Now it will be very clear, if in the discussion of converting substances from one state to another immediate state, heat and temperature are involved. From the Kinetic Theory of Matter, it is evident that matter is made up of small particles that are in a constant state of motion. These particles may consist of molecules, ions or atoms which are held together by strong forces of attraction. In the solid state, the particles are closely packed together in fixed positions. The particles cannot move from one position to another but can vigorously vibrate within their fixed positions, and this is because the forces of attraction between the particles are very strong. With the increase in the temperature of a substance in solid state, the particles gain heat energy gradually and the kinetic energy of the particles increases. A point is reached when the particles start to move more vigorous until the forces of attraction between them weakens.  The particles can now move from one place to another as the substance changes state from solid to liquid. The substance loses its definite shape but it still has its own volume (Atkins & Paula, 2002).

In the liquid state, the particles are not as closely held together as in the solid states since the forces of attraction between the particles are a bit weaker. The particles are free to move from one place to another within the structure. When the temperature of the substance is increased further, the particles gradually absorb heat energy. The kinetic energy of the particles further increases as the particles move more vigorous. A point reaches when the forces of attraction between the particles are overcome and the particles move far apart from one another. At this point the substance changes its state from liquid to gaseous state (Turns, 2006).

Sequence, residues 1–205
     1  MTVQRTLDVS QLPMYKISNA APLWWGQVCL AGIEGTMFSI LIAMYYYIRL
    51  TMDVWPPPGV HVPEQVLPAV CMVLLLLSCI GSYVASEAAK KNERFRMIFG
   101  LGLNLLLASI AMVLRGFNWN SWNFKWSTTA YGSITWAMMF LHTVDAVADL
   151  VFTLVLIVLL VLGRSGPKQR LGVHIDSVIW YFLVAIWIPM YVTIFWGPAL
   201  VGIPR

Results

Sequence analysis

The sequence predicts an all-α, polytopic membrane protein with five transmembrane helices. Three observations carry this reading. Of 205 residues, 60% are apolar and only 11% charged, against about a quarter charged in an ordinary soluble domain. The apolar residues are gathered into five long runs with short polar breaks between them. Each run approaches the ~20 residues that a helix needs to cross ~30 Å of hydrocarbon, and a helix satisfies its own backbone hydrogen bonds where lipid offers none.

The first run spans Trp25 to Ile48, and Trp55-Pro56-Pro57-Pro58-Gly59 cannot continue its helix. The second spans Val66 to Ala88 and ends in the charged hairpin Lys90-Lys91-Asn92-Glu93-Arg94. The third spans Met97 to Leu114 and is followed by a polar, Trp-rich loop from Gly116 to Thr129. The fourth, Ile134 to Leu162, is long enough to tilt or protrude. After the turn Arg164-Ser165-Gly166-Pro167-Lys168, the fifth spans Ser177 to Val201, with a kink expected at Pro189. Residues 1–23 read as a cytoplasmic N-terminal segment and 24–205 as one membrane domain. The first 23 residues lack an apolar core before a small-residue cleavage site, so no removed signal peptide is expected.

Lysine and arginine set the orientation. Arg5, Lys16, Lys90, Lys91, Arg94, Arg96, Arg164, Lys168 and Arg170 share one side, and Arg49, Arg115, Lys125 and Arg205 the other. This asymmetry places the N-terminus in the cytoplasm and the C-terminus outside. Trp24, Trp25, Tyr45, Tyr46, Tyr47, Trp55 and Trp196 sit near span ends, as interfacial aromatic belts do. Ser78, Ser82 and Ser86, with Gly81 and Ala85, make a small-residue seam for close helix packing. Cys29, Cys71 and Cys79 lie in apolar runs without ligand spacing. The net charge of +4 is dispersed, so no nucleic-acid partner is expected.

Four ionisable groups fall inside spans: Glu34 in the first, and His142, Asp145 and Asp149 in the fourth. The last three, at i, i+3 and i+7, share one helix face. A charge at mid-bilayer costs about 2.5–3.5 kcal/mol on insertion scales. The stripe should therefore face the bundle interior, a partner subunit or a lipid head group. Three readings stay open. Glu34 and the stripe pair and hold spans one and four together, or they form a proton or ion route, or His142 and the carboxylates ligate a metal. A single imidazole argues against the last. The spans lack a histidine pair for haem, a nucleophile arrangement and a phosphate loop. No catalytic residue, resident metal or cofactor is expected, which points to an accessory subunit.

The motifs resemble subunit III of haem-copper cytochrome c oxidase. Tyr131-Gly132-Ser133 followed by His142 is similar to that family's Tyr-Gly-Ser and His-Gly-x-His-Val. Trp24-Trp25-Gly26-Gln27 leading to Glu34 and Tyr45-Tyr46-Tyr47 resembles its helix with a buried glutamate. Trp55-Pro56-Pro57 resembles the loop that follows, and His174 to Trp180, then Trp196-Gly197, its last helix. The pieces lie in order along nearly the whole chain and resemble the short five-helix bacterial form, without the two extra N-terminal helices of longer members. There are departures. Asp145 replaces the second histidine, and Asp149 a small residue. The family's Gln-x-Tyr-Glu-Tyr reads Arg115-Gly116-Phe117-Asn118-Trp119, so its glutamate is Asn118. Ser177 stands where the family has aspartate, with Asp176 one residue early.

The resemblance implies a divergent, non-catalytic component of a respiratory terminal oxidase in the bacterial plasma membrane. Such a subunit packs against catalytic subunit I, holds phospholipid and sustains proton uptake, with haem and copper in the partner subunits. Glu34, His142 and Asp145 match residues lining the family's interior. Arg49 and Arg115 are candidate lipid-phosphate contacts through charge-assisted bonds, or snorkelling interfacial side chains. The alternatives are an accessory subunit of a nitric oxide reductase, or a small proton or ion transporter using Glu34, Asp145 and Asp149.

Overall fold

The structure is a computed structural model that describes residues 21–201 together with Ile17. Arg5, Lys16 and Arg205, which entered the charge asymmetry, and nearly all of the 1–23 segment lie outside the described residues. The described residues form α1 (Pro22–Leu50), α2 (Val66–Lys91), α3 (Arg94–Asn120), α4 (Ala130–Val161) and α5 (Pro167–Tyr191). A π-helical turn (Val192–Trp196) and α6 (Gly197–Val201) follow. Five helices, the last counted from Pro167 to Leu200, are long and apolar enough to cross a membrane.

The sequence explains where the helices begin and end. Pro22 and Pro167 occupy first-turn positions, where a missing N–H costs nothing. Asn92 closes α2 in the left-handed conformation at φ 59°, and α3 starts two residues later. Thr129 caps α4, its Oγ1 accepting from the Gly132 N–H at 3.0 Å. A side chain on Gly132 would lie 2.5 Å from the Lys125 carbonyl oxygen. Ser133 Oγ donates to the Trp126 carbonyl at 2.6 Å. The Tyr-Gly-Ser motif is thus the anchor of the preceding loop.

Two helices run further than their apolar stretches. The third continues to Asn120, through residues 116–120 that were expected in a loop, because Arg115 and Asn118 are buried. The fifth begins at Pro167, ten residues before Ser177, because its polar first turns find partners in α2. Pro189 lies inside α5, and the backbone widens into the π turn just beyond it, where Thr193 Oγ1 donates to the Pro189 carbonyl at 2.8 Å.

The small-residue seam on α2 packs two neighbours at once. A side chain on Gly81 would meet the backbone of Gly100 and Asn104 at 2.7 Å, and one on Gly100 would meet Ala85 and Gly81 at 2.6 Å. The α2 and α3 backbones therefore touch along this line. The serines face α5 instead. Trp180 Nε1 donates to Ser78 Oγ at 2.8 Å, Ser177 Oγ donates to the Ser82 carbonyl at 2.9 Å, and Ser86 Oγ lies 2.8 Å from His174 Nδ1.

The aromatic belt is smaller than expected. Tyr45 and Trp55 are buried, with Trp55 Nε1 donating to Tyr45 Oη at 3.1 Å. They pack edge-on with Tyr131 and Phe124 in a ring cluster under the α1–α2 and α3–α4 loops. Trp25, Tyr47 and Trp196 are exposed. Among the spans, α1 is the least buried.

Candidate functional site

Reduction in temperature reverses the processes, such that the substance in gaseous state changes into liquid state and finally into solid state. This is because, as the temperature reduces, the kinetic energy of the particles goes down and the forces of attraction become stronger. Thus the particles of the substance attract one another.

Heat capacity of a substance is defined as a measurable physical quantity that portrays the amount of heat needed to change the temperature of a body by a particular amount. The SI units for heat capacity are joules per Kelvin. In substances heat capacity is determined by various properties for example the amount of matter in the substance expressed in terms of its mass, the type of material of which the substance is composed of, the temperature of the substance, and the atmospheric pressure (White, 1999).        


Atkins, P., & Paula, J. (2002). Atkins' Physical Chemistry. Oxford Oxfordshire: Oxford University Press.

Burshtein, a., (1996). Introduction to Thermodynamics and Kinetic Theory of Matter.  London: J. Wiley.

Turns, S., (2006). Thermal-Fluid Sciences. Cambridge: Cambridge University Press.

White, G., (1999). Heat Capacity and Thermal Expansion at Low Temperatures. New York:  Kluwer Academic/Plenum.